Loved your bit on conditioning!!! 😀 It’s a total sore point for me as I am stickler for that. My MinPins are very lean and in obedience classes I get so many comments about how skinny they are. Most MinPins around here are OBESE and end up with diabetes. They are really great agility dogs if they are kept lean. Roscoe sure doesn’t have a clue how to run well, but he did fine in agility, as you know, and managed to stay totally healthy without ever getting lame and ran trials up to this year as he is now 12-14 years old and I worry NOW that he might hurt himself at this age so he is retired and only does a little bit at home. He still does tricks and obedience, though!
My MinPins run off leash in fields and woods every single day, we are lucky to have that out my door. Most other MinPins I know are never allowed off leash. It’s really a shame as they are SO smart and can do SO well in agility. You never knew my other one, but she very much knew how to run and was a top agility MinPin in the US for years.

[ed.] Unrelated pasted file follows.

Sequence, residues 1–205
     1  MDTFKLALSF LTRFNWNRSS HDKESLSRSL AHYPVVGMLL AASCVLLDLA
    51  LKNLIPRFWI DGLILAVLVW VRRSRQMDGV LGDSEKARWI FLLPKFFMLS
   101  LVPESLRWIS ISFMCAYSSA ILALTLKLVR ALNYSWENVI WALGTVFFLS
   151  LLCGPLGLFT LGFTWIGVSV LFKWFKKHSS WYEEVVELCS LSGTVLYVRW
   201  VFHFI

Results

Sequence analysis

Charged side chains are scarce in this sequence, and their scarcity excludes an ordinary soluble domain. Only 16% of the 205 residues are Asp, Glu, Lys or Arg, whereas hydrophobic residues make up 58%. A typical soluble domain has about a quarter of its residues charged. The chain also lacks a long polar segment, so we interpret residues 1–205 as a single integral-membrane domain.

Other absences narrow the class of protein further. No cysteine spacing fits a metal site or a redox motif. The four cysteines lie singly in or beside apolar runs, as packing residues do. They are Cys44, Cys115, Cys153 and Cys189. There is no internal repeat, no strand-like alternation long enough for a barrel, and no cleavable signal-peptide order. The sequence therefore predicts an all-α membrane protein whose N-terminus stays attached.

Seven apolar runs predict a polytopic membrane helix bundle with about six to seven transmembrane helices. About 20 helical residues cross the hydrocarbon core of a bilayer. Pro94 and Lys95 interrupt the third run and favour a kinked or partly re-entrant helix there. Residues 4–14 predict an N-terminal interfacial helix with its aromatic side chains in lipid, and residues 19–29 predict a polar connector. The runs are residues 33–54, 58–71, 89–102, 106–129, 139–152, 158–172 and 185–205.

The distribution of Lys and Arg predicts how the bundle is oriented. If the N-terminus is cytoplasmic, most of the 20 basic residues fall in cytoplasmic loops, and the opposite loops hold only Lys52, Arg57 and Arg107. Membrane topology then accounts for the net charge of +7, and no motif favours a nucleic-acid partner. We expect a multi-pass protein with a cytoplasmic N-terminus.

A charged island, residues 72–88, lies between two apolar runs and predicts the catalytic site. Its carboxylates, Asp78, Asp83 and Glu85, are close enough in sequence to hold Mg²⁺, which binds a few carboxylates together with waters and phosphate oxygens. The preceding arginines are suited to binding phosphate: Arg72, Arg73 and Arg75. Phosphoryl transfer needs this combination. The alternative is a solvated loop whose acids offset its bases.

It’s just so sad that they live the whole life on leashes… And extra weight doesn’t help either, Bi is sure more full of life when not too fat 🙂
Super DVD !!! I really like the chapters “Stress up” (very very interesting. I have to “work” on it with my dog), “Attitude” and “Agility” of course. “Games” and “Conditioning” are great too. In fact, I love the whole dvd. We have to put it into practice now.
Thank you !!
Glad you liked it!!! Thanks for the feedback!